You are currently browsing the category archive for the ‘Portraiture’ category.
London’s National Portrait Gallery is displaying a set of twelve self-portraits by the ever lovely Sarah Lucas from the ’90s. She was kind enough to answer six questions about these portraits and what she’s working on now. Enjoy the interview.
Finally went to see the Hide/Seek show and had so many thoughts, especially about digital reproductions of fine art works.
Read my interview with the co-curators of Hide/Seek: Difference and Desire in American Portraiture, which is currently on view at the Smithsonian’s National Portrait Gallery in Washington D.C.
Schoeller states that for him, female bodybuilders “challenge the boundaries of not only the shifting, maddening, and ruthless standards of the female beauty industry, but of what constitutes (un)natural.”
Confident enough to enjoy it? Then read my review of Martin Schoeller’s show, published on Velvet Park Media.
Tilda Swinton can transform into malleable intensities on screen, and even more so in photographs. Without video’s pacing and courting every micro-expression of her craft, the camera captures one spontaneous movement at a time. On screen, Swinton’s character development shows through in economized gesture. In photographs, her gestures are magnified. The economical becomes summary. Interestingly enough, in the films of Derek Jarman, Tilda has that magnification of gesture that precedes inconography, the same quality I see in her photographs, regardless of photographer. But perhaps that is unfair to compare her performances on screen with Jarman with Tilda’s other films: Jarman––unpredictable; Swinton––unimitable.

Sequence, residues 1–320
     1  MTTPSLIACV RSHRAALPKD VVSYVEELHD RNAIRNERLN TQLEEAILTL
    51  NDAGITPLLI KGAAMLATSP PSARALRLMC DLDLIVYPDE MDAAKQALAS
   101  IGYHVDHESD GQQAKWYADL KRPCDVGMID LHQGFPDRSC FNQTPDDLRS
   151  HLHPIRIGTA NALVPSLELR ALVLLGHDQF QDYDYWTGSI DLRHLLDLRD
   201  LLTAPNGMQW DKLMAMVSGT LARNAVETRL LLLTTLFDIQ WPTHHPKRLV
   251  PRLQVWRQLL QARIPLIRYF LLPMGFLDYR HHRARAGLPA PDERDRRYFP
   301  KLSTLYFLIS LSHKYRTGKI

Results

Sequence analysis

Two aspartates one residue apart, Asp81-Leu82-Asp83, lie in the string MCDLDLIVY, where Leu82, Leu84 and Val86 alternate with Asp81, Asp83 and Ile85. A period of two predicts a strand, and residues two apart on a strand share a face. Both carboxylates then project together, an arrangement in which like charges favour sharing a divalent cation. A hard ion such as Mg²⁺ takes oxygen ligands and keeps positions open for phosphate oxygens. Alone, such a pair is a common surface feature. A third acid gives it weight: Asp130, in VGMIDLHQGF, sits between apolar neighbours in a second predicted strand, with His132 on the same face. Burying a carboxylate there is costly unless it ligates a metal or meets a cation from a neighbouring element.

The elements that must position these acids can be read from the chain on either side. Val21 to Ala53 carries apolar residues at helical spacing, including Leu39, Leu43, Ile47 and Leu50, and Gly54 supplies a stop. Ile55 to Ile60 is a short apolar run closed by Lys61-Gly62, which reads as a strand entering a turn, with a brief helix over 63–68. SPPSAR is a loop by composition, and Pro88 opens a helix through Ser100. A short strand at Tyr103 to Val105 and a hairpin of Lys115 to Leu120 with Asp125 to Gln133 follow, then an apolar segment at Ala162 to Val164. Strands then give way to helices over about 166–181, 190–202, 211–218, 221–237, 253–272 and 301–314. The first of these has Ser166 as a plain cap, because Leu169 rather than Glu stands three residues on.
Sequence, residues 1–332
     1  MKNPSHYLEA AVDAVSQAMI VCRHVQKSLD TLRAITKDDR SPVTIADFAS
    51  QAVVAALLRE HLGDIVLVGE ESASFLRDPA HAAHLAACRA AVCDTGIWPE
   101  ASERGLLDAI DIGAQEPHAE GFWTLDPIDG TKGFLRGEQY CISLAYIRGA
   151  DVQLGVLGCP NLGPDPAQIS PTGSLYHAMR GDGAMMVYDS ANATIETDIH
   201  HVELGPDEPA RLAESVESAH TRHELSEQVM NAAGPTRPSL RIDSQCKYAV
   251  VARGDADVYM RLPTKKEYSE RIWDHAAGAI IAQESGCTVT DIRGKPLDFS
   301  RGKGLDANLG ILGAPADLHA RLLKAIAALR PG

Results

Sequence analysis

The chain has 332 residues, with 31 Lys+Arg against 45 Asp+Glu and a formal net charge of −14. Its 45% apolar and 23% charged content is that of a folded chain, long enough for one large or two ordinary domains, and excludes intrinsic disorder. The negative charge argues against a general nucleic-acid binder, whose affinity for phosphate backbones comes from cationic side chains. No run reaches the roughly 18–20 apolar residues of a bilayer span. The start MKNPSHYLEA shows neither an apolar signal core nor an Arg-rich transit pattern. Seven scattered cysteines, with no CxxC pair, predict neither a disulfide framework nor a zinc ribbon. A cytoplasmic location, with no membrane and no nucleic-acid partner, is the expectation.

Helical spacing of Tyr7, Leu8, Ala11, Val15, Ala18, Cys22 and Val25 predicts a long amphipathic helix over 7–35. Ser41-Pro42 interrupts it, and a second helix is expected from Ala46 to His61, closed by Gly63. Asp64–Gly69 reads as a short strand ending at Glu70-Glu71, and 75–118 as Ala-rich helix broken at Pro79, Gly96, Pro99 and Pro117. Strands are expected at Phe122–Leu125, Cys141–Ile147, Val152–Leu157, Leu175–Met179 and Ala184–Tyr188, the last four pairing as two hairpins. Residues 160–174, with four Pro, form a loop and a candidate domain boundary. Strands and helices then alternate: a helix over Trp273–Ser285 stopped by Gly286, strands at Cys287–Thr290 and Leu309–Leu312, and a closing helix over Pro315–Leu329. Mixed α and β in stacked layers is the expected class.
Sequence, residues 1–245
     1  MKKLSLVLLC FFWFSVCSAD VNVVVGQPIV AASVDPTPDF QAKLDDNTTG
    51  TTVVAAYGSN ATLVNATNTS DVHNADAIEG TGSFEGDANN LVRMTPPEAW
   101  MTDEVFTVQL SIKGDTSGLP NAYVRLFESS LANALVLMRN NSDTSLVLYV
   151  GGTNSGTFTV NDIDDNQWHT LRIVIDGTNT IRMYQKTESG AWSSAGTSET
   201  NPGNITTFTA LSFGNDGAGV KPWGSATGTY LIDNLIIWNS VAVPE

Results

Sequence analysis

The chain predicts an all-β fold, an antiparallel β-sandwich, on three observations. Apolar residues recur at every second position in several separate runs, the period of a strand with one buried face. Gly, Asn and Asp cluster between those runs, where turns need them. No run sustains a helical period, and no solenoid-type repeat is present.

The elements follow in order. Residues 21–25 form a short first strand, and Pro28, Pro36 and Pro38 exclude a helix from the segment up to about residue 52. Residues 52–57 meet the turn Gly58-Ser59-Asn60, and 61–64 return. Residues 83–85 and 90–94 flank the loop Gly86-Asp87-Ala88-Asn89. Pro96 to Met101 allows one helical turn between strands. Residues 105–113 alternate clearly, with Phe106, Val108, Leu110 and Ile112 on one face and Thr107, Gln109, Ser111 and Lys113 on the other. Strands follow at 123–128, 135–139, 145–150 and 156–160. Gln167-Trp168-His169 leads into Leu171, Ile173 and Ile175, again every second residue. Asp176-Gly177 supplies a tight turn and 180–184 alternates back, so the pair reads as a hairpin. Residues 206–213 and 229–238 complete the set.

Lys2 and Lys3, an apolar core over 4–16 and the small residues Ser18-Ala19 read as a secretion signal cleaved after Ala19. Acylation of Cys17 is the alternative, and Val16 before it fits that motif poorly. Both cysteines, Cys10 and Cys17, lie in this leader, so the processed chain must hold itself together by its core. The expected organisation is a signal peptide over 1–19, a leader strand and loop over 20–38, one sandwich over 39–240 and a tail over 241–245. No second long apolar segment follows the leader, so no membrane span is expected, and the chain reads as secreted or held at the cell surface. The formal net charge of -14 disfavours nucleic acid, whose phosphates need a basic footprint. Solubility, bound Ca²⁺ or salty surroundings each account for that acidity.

Today I went to the Morgan Library on Madison Avenue, specifically for “Close Encounters, Irving Penn, Portraits of Artists and Writers”. Sixty seven photographs from 1944 to 2006, all owned by the Morgan Library, most of these photographs were created on assignment for Vogue magazine. When I look at these prints, I marvel at the print quality. The attentiveness of to the craft of balancing every shade between black and white to produce a finished work. Devoid of clichés, these photographs demonstrate Penn’s ability to psychologically engage those he photographed in a way that magnified quiet revellations in each sitter.
This is a must-see show, especially in conjunction with Penn’s must-have book: Irving Penn: Platinum Prints. Studying Penn’s contact sheets is always a treat. His creative process at work reveals a profound sensory awareness for the gestural inherently present in Form. Really, it’s a treat.
I’ve been a admirer of Nick Knight’s technique and approach since I first saw his photographs in the early 90’s. Knight’s work still amazes me, especially in these. They’re clean, strong and powerful and make a statement on the perseverance of the human spirit.
Stunning. In every way.